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Miami Dolphins

AC In The AM: Can Dolphins Turn Progress Into Victory?

Through three games, we have seen some positive stretches, clear indications that this team is beginning to grow up, beginning to understand the required level of efficiency necessary for bottom line success.


Now it's about building off of that, about turning those positive stretches into something more sustained and about putting together some scoring drives and some game altering plays on defense.

Sunday against the Los Angeles Chargers at Hard Rock Stadium would certainly be a great time to start. This team is due for something good to happen, but you've got to earn it and that means raising the level of play several notches over what we have seen so far. That means executing in the red zone and finding balance on offense. That means a consistent pass rush and some big plays on defense.

It's one thing that the Dolphins showed improvement last Sunday at Dallas and that's certainly promising. But when you still lose by 25 points, when you see so many scoring opportunities slip away, it has a way of tempering all of those positives.

"We work too hard," said running back Kenyan Drake. "We don't take moral victories."

Or as fellow running back Kalen Ballage put it: "I'm seeing progress, but at the end of the day it doesn't go on the schedule as progress. It's a win or a loss."

I believe Sunday presents a good opportunity for this team. What they do with that opportunity is entirely up to them.

The Chargers, a playoff team a season ago, are 1-2 and traveling cross-country for a 1 p.m. east coast start. Yes, they are talented. No doubt they have a pair of defensive ends that could cause serious problems for this ever-changing offensive line. Most assuredly the Dolphins will have their hands full trying to outwit 37-year-old quarterback Philip Rivers who still plays at a very high level.

"He likes to put a lot of stress on a defense," said coach Brian Flores of Rivers.

But the last time Rivers played in South Florida was five years ago and he had one of the most forgettable days of his career, throwing for just 138 yards and three interceptions in a 37-0 loss. I'm not comparing this Dolphins team to that one because only a couple of players remain from that team. I'm simply pointing out that the challenge may not be quite as imposing as the first three games of the season. Then again, if the Dolphins don't play well, it really doesn't matter.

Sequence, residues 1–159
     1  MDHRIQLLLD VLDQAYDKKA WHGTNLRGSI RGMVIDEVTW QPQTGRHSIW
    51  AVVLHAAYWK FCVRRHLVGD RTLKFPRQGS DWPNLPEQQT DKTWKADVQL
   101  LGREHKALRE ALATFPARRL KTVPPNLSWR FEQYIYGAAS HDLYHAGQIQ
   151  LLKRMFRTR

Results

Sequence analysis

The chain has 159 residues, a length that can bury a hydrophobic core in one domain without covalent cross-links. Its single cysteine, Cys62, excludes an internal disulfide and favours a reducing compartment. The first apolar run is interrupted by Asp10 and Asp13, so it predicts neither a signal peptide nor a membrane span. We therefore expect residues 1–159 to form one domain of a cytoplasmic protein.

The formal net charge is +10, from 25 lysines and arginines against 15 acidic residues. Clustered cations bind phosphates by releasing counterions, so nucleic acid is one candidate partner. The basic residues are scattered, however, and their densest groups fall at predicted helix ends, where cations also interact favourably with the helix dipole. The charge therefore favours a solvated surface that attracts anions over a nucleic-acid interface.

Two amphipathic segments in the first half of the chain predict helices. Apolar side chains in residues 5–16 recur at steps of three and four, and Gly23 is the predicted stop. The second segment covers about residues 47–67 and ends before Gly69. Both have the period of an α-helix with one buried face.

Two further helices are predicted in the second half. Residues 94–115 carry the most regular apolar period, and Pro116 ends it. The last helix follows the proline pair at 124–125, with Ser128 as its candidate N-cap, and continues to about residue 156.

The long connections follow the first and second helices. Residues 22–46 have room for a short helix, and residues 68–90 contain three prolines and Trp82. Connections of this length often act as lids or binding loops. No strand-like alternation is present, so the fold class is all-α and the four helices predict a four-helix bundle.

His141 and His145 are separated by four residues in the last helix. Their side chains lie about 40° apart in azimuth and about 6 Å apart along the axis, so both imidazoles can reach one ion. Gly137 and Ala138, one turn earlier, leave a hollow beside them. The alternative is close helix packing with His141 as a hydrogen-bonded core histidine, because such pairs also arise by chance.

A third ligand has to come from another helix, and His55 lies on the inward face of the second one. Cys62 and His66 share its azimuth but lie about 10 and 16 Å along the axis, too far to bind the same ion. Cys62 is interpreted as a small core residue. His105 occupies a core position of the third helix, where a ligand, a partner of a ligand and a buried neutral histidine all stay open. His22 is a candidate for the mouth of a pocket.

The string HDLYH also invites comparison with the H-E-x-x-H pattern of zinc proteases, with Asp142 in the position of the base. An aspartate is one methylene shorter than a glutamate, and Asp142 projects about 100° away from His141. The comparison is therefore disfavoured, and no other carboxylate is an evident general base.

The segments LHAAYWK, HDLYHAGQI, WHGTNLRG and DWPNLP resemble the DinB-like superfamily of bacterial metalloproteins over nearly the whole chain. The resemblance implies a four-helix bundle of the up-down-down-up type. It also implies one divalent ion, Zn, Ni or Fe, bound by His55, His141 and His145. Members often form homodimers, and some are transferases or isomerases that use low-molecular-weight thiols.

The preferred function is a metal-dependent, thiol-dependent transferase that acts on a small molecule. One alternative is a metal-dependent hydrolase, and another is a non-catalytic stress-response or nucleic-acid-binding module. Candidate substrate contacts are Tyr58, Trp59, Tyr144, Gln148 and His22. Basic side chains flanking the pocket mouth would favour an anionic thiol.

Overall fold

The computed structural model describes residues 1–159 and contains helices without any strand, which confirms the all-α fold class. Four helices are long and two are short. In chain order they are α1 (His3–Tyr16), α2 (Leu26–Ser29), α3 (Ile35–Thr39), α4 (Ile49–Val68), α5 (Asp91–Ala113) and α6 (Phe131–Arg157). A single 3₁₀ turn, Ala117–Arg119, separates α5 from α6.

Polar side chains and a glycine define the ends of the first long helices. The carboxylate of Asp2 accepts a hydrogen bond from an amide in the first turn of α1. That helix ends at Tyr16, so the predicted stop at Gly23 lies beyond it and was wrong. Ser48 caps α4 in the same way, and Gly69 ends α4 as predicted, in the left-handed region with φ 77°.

It's got to begin with quarterback Josh Rosen, starting his second game for the Dolphins and first at home and certainly buoyed by some good moments against the Cowboys last Sunday. But good moments are one thing; touchdown drives are quite another. This team has scored 16 points in three games. That's got to change. Rosen needs to assert himself as the leader of this offense and needs to do so by being aggressive and staying aggressive.

"Need to give my guys some chances to make plays," is how Rosen put it.

The possible return of wide receiver Albert Wilson and safety Reshad Jones from injuries could provide a big boost. So could the following five objectives, if achieved:

  • Execute in the red zone: The Dolphins have scored only once this season in five red zone opportunities, three of those misses coming against the Cowboys. You can't drop passes. You can't lose fumbles. You can't get stuffed on three straight running plays inside the 10-yard line. You know this has been an emphasis all week in practice. It's important to start seeing results.
  • Give Rosen time: Between a big trade and injuries, the Dolphins have been playing "what's my line" on a weekly basis. We really won't know the starting five until Sunday since tackle Jesse Davis is hoping to play despite a sore elbow and guard Danny Isidora, who started last week, is now on injured reserve. Regardless, the Dolphins must keep Rosen upright and that means slowing down a pair of enormously talented defensive ends in Joey Bosa and Melvin Ingram. This could turn out to be the key to the game.
  • Make Rivers feel 37 years old: That means establish a pass rush early on, get him out of his comfort zone and force him to go to his second or third options. Rivers is a gifted player, but is most gifted in his ability to evaluate a defense and make the proper adjustments, sometimes just a second before the ball is snapped. The defense needs to dictate what Rivers does, not the other way around.
  • Xavien Howard containing Keenan Allen: Howard had a rough time last Sunday against Amari Cooper and now he faces a receiver every bit as talented in Allen. Think he's important to the Chargers' offense? Allen has 29 catches through three games. The next closest receiver has 19. It is incumbent on Howard to keep Allen in check.
  • Find a finishing kick: OK, it doesn't have to be a kick, but if Jason Sanders wants to win it in the final seconds, that would do just fine. What we're talking about, though, is the Dolphins playing their best in the fourth quarter, which they have yet to do this season. Somebody needs to make a difference. A big pass. A big stop. A special teams play. Doesn't matter where it comes from; it simply has to happen.

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